Drug repositioning

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Drug repositioning (also called drug repurposing) involves the investigation of existing drugs for new therapeutic purposes.[1][2]

A number of successes have been achieved, the foremost including sildenafil (Viagra) for erectile dysfunction and pulmonary hypertension and thalidomide for leprosy and multiple myeloma.[2][3] Clinical trials have been performed on posaconazole and ravuconazole for Chagas disease. Other antifungal agents clotrimazole and ketoconazole have been investigated for anti-trypanosome therapy.[4]

Drug repositioning is a "universal strategy" for neglected diseases due to 1) reduced number of required clinical trial steps could reduce the time and costs for the medicine to reach market, 2) existing pharmaceutical supply chains could facilitate "formulation and distribution" of the drug, 3) known possibility of combining with other drugs could allow more effective treatment, 4) the repositioning could facilitate the discovery of "new mechanisms of action for old drugs and new classes of medicines",[5] 5) the removal of “activation barriers” of early research stages can enable the project to advance rapidly into disease-oriented research.[6] Often considered as a serendipitous approach, where repurposable drugs are discovered by chance, drug repurposing has heavily benefited from advances in human genomics and network biology. It is now possible to identify serious repurposing candidates by finding genes involved in a specific disease and checking if they interact, in the cell, with other genes which are targets of known drugs.[7] It was shown that drugs against targets supported by human genetics are twice as likely to succeed than overall drugs in the pharmaceutical pipeline.[8]

However, there are also a number of downsides to drug repositioning. Firstly, the dosage required for the treatment of novel disease usually differs from that of its original target disease, and if this happens, the discovery team will have to begin from Phase I clinical trials, which effectively strips drug repositioning of its advantages of over de novo drug discovery.[6] Secondly, the finding of new formulation and distribution mechanisms of existing drugs to the novel-disease-affected areas rarely includes the efforts of "pharmaceutical and toxicological" scientists.[6] Thirdly, patent right issues can be very complicated for drug repurposing due to the lack of experts in the legal area of drug repositioning, the disclosure of repositioning online or via publications, and the extent of the novelty of the new drug purpose.[6]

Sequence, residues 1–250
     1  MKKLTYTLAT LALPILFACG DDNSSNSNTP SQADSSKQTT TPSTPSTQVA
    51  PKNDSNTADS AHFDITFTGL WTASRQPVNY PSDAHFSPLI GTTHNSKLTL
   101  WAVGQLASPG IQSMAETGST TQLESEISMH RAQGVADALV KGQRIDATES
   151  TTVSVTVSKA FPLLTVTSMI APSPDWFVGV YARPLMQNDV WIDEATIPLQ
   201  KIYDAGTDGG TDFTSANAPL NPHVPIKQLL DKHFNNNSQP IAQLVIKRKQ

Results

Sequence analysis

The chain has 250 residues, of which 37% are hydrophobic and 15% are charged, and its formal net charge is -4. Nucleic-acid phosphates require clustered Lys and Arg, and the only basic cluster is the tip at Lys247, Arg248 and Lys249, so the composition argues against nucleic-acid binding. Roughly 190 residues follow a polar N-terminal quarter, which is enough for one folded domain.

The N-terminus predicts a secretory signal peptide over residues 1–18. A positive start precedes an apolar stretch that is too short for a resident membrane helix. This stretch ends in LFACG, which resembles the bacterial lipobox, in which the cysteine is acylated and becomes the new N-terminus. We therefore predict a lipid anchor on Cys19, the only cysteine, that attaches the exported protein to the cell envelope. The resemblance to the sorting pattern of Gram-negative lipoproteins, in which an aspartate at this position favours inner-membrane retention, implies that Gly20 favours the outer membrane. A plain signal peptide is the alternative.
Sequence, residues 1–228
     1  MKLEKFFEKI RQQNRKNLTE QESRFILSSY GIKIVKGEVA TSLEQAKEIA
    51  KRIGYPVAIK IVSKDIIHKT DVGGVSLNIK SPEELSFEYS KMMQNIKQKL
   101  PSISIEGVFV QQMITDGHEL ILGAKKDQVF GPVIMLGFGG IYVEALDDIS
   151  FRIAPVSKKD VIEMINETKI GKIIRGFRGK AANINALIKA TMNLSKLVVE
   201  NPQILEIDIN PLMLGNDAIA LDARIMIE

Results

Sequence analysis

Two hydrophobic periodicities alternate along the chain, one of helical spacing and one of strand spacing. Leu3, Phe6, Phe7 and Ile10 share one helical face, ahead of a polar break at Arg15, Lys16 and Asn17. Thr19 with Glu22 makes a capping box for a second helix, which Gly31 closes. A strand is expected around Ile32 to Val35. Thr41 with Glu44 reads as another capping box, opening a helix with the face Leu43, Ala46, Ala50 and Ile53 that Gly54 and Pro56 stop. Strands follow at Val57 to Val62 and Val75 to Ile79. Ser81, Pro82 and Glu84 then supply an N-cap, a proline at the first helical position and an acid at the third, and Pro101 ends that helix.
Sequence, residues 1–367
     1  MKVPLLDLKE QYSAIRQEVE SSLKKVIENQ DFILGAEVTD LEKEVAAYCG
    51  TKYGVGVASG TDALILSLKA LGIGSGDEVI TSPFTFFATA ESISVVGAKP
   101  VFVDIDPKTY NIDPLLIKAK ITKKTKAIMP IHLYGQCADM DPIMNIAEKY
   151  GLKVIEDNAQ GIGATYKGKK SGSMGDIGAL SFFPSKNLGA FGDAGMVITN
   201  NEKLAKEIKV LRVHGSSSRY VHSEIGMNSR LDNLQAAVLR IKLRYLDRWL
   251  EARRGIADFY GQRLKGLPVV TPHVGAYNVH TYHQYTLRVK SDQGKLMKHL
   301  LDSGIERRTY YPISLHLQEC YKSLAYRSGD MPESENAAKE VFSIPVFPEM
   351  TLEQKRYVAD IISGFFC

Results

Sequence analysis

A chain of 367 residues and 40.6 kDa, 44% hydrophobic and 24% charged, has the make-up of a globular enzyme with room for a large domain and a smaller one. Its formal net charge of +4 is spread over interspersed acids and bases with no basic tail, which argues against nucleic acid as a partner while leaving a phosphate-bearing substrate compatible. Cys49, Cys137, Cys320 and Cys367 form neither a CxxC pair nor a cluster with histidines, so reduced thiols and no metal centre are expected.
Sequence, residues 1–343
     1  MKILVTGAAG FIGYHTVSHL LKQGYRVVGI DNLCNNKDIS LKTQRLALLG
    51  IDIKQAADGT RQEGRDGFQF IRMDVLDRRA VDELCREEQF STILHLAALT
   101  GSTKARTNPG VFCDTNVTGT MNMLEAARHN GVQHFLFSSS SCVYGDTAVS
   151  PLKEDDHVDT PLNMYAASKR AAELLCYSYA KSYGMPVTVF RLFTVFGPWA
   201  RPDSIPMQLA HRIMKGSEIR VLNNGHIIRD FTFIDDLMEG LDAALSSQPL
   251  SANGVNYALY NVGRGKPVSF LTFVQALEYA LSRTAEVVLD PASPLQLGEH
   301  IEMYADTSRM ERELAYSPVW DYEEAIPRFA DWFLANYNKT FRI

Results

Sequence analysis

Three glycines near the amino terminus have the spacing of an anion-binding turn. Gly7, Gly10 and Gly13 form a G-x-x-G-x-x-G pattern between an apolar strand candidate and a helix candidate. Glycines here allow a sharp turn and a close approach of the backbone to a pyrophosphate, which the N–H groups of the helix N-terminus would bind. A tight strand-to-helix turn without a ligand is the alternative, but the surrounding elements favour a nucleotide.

References[edit]

  1. ^ Sleigh SH, Barton CL (23 August 2012). "Repurposing Strategies for Therapeutics". Pharmaceutical Medicine. 24 (3): 151–159. doi:10.1007/BF03256811. S2CID 25267555.
  2. ^ a b Ashburn TT, Thor KB (August 2004). "Drug repositioning: identifying and developing new uses for existing drugs". Nature Reviews. Drug Discovery. 3 (8): 673–83. doi:10.1038/nrd1468. PMID 15286734. S2CID 205475073.
  3. ^ Institute of Medicine (2014). Drug Repurposing and Repositioning: Workshop Summary. National Academies Press. ISBN 978-0-309-30204-3.
  4. ^ Gambino D, Otero L (2019). "Chapter 13. Metal Compounds in the Development of Antiparasitic Agents: Rational Design from Basic Chemistry to the Clinic". In Sigel A, Freisinger E, Sigel RK, Carver PL (eds.). Essential Metals in Medicine:Therapeutic Use and Toxicity of Metal Ions in the Clinic. Metal Ions in Life Sciences. 19. Berlin: de Gruyter GmbH. pp. 331–357. doi:10.1515/9783110527872-019. ISBN 978-3-11-052691-2. PMID 30855114.Section 2.2.2. "Repositioning of Drugs"
  5. ^ Rosa SG, Santos WC (2020). "Clinical trials on drug repositioning for COVID-19 treatment". Revista Panamericana de Salud Pública. 44: e40. doi:10.26633/RPSP.2020.40. PMC 7105280. PMID 32256547.
  6. ^ a b c d Oprea TI, Bauman JE, Bologa CG, Buranda T, Chigaev A, Edwards BS, et al. (2011). "Drug Repurposing from an Academic Perspective". Drug Discovery Today. Therapeutic Strategies. 8 (3–4): 61–69. doi:10.1016/j.ddstr.2011.10.002. PMC 3285382. PMID 22368688.
  7. ^ Nabirotchkin, Serguei; Peluffo, Alex E; Rinaudo, Philippe; Yu, Jinchao; Hajj, Rodolphe; Cohen, Daniel (January 2020). "Next-generation drug repurposing using human genetics and network biology". Current Opinion in Pharmacology. doi:10.1016/j.coph.2019.12.004.
  8. ^ King, Emily A.; Davis, J. Wade; Degner, Jacob F.; Marchini, Jonathan (12 December 2019). "Are drug targets with genetic support twice as likely to be approved? Revised estimates of the impact of genetic support for drug mechanisms on the probability of drug approval". PLOS Genetics. 15 (12): e1008489. doi:10.1371/journal.pgen.1008489.

Further reading[edit]